Consider the following scenario that includes a previous marriage, adoption, estranged children, a new marriage, and an unimaginable outcome.
You married your high school sweetheart. During your marriage, you had two children but then divorced after 5 years. Your ex-wife remarried and her new husband wanted to adopt your two children. After much thought, you agreed and signed the adoption paperwork necessary.
You then remarried and were together for 25 years. During your marriage, you purchased a house, along with other real estate, cars, and personal property items. About 9 months ago, your children reached out to you after 20+ years of no contact. You met with them on one occasion for less than an hour.
You had every intention of getting a Will but never got around to it. Now, the unthinkable has happened. You have passed away and your wife now has to hire a probate attorney.
Imagine her surprise when she finds out from her attorney that ALL of the assets you owned together, including real estate and cars, bank accounts, and investment accounts, DO NOT entirely belong to her. Imagine her surprise when she finds out these assets, including the house, are HALF OWNED by your two children that were adopted out as babies.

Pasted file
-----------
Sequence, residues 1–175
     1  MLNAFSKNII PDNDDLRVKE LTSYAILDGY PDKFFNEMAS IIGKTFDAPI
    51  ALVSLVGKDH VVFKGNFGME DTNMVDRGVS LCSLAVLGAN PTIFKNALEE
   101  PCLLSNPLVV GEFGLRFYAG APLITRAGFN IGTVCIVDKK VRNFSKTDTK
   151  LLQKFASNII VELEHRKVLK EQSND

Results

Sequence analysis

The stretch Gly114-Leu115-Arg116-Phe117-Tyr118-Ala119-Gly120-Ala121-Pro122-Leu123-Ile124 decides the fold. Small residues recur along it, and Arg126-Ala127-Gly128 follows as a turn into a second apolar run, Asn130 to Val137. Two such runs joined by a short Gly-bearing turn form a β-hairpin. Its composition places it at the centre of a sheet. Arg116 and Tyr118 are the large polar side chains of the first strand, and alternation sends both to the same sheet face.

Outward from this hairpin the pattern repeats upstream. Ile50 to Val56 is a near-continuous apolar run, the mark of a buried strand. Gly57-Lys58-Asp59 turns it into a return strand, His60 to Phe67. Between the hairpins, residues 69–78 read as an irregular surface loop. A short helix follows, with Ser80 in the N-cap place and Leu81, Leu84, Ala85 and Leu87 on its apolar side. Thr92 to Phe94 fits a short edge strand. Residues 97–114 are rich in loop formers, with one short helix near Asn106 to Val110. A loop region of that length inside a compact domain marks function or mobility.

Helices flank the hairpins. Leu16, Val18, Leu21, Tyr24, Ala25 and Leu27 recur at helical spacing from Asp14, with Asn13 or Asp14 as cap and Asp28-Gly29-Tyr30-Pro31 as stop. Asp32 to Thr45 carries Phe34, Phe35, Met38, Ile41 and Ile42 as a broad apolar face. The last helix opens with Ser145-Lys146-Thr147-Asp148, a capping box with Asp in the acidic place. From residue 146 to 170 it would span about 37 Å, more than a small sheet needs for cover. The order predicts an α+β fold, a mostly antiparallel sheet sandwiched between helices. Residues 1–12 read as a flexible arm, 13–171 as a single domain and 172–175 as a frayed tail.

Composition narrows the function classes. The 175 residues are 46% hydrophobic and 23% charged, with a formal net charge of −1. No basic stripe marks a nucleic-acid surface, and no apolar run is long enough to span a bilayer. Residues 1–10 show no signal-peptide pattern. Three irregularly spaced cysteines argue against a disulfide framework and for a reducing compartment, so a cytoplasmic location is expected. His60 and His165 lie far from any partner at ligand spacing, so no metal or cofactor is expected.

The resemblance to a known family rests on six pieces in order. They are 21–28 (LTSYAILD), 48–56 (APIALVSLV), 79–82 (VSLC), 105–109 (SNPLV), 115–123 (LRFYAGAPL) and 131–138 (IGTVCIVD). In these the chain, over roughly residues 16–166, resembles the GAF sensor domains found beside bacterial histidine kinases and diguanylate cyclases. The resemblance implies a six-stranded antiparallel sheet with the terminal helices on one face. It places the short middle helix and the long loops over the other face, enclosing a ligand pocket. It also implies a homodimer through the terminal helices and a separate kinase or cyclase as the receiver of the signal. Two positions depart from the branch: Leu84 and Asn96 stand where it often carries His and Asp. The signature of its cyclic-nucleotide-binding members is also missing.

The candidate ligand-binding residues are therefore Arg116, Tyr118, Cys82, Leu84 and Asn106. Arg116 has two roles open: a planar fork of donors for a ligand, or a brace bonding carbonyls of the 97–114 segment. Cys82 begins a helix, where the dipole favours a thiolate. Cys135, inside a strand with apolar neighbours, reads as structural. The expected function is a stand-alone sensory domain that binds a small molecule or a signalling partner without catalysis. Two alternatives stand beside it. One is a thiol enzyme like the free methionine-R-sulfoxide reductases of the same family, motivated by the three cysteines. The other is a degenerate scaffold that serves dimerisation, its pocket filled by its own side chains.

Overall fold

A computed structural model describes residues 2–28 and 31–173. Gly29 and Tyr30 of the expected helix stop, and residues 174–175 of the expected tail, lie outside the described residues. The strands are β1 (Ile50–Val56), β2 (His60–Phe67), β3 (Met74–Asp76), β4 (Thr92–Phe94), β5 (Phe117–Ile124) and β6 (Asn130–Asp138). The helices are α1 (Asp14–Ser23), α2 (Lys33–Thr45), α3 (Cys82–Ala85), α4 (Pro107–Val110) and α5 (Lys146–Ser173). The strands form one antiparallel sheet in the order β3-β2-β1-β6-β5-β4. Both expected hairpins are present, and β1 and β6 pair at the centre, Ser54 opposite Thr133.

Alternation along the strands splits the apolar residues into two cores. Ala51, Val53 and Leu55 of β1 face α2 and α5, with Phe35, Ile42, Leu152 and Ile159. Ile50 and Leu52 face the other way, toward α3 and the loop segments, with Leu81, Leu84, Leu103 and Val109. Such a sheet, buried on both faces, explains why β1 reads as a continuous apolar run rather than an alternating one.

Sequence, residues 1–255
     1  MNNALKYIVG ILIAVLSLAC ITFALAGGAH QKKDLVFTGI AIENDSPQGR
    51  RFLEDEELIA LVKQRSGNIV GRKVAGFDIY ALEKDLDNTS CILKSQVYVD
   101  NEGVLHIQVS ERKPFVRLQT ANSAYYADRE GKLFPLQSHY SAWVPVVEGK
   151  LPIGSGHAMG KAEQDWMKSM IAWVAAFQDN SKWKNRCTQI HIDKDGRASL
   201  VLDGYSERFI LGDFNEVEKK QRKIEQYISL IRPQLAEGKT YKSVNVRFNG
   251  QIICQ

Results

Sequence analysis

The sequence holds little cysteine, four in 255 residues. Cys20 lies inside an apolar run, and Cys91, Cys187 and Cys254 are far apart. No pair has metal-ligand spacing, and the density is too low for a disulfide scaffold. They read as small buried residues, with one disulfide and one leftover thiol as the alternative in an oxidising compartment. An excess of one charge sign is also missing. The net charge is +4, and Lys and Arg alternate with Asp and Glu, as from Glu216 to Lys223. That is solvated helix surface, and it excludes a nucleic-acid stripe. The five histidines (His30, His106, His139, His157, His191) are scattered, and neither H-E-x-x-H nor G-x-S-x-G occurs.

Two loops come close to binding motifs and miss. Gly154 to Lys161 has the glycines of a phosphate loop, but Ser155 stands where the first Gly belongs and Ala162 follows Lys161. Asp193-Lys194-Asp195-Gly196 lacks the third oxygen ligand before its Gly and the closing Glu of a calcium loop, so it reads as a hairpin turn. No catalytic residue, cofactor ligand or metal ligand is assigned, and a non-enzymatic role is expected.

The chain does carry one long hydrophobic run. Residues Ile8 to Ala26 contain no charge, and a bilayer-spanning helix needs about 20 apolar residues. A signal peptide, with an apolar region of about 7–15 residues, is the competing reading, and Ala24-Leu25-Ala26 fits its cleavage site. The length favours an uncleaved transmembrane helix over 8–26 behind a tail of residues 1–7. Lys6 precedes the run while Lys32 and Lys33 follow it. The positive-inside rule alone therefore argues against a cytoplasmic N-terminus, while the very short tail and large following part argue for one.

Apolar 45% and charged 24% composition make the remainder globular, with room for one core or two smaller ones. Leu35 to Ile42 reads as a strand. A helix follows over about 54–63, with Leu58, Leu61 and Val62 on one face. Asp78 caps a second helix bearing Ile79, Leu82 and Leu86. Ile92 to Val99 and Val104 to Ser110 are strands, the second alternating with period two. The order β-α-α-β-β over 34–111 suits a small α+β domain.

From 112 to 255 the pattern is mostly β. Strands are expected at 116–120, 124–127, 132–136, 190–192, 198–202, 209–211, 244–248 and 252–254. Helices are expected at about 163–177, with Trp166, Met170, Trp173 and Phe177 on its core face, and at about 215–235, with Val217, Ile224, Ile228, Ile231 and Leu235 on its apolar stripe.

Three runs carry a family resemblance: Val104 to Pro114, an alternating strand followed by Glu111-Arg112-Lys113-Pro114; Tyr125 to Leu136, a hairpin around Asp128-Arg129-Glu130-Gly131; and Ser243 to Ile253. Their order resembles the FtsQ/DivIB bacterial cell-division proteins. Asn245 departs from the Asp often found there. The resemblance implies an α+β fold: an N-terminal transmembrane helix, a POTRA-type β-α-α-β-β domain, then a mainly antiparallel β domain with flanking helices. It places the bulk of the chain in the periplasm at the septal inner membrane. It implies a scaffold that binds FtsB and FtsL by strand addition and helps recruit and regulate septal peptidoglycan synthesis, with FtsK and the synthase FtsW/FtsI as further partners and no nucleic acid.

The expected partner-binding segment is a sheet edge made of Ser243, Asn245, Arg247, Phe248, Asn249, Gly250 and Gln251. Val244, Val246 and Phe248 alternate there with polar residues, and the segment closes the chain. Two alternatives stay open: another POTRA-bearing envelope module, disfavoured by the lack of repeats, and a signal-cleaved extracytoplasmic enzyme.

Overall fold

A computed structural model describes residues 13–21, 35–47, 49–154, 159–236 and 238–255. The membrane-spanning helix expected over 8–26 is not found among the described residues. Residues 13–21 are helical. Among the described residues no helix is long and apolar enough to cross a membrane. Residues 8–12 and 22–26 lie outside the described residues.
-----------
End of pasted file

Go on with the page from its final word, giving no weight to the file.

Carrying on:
Texas has laws that address adopted children and estate distributions. Part of Texas Estate Code Sections 201.054 (b) states: "The natural parent or parents of an adopted child and the kindred of the natural parent or parents may not inherit from or through the adopted child, but the adopted child inherits from and through the child's natural parent or parents, except as provided by Section 162.507(c), Family Code."
The bottom line: Speak with a qualified estate planning attorney before the unthinkable happens. Protect your spouse by having the proper documents in place.
However, if find yourself in a situation where your spouse has passed away with a similar situation, you must speak with a qualified probate litigation attorney to understand your rights and who can properly defend you for this type of dispute.
Do you Need the Guidance of an Estate Planning Attorney in Dallas, Texas?
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